Tamil Nadu’s bio-resources plundered by corporates?

Under it, every manufacturer to pay 3 per cent to 5 per cent of the purchase price of resources, while every trader must pay 1 per cent to 3 per cent of the price.
For representational purposes (Express Illustrations)
For representational purposes (Express Illustrations)

CHENNAI:  For years, corporate companies and commercial traders have allegedly been plundering Tamil Nadu’s rich biological resources and making windfall profits, while conveniently ignoring their “benefit sharing” obligations under India’s Biological Diversity Act of 2002.

Official records accessed by TNIE revealed that at least 650 companies in the State have violated the BD Act— which regulates the commercial utilisation of bio-resources — and the Access and Benefit Sharing (ABS) arrangement under the Convention on Biological Diversity’s (CBD) Nagoya Protocol, which insists on fair and equitable sharing of benefits from utilisation of resources.

The companies have been regularly accessing and utilising the bio-resources as raw materials, or trading them, without complying with the National Biodiversity Authority’s (NBA) ABS guidelines of 2014.

Under it, every manufacturer to pay 3 per cent to 5 per cent of the purchase price of resources, while every trader must pay 1 per cent to 3 per cent of the price.

For resources having high economic value such as sandalwood, and their derivatives, the benefit sharing may include an upfront payment of not less than 5 per cent, as decided by the NBA or the State Biodiversity Board.

However, most companies are yet to show any intent to comply, despite the TN Biodiversity Board sending multiple reminders.

Aside from being a cognizable and non-bailable offence under sections of the BD Act, this has caused revenue losses of crores of rupees for the State. Names of 677 such companies/traders were recently shortlisted.

‘Board contemplating issuing legal notices to companies not falling in line’

“We have issued letters to all 677 companies, to which only 31 responded positively. Their applications to the NBA are being processed and agreements will be signed with the respective Biological Management Committees (BMCs) for ABS payouts.

Some companies claimed they don’t come under the purview of ABS; many did not even respond, while letters to 64 companies returned as not deliverable,” said Debasis Jana, secretary, TN Biodiversity Board. Jana said the board tried to persuade the companies to voluntarily register for the biological resources they are accessing, and pay ABS amount.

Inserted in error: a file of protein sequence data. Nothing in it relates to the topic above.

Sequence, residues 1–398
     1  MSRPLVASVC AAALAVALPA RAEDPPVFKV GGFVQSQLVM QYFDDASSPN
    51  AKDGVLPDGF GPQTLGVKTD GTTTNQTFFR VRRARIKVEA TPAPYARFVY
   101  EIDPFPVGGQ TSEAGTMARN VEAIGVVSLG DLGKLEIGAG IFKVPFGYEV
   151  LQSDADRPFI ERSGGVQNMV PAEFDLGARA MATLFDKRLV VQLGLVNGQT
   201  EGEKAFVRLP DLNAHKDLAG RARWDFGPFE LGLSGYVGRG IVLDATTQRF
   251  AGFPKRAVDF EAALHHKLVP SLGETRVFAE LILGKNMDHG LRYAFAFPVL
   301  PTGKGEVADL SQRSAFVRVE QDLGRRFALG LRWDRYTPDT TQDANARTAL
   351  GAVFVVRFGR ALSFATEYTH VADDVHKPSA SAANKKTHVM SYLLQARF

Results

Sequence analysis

But as they are not falling in line, “the board is contemplating issuing legal notices and exploring the option of filing cases against whom there is substantial evidence,” he added.

Poor compliance of ABS guidelines in TN was also partly because the State notified Tamil Nadu Biological Diversity Rules only in 2017 after the NGT passed strictures. Steps to constitute BMCs and prepare People’s Biodiversity Register (PBRs) were taken thereafter.

On date, there are 13,604 BMCs and corresponding PBRs. The unregulated exploitation has put tremendous pressure on biological resources.

For instance, plants like Garcinia cambogia, and Garcinia indica, native to the Western Ghats and high in demand, are on the verge of extinction. Pharma companies use their extracts to produce drugs against cancer.

No scientific study has been done to assess the volume and type of TN’s biological resources used by the companies.

The German Agency for International Cooperation, which is working with the State on an ABS Partnership Project under the Indo-German Biodiversity Programme, is soon expected to publish results of its study on 20 highly-traded medicinal plants in TN. An official said some of the details of the study are worrisome.

“There is a medicinal plant called Gymnema sylvvestre, locally known as siru kurinjan, whose extract is used for diabetes control. The Forest Department has restricted its harvest since it has been over-exploited. However, pharma companies continue accessing it in large quantities without paying ABS. Most of the trade happens through the unorganised sector,” the official said.

The Madurai-based Covenant Centre for Development’s John Britto, who has worked with communities on conservation, collection, cultivation and trade of medicinal plants, said it is important for TN to protect their livelihood.

“There are ethnic groups which depend solely on this collection. The government should evolve a mechanism where ABS amount directly goes to BMCs,” he said. (This story was produced with the support of Internews’ Earth Journalism Network)

Status of applications at National Biodiversity Authority

Received - 5,628

Approval granted & agreement signed - 2,887

Pending with applicant for executive of agreement - 1,581

Model agreement sent so far - 4,468

Closed - 874

Under process - 240

Number of companies using biological resources of Tamil Nadu: 677

Proposal Binned

The TN Forest Department has dropped the controversial proposal to reduce the core area of Vedanthangal Bird Sanctuary, India’s oldest bird habitat.

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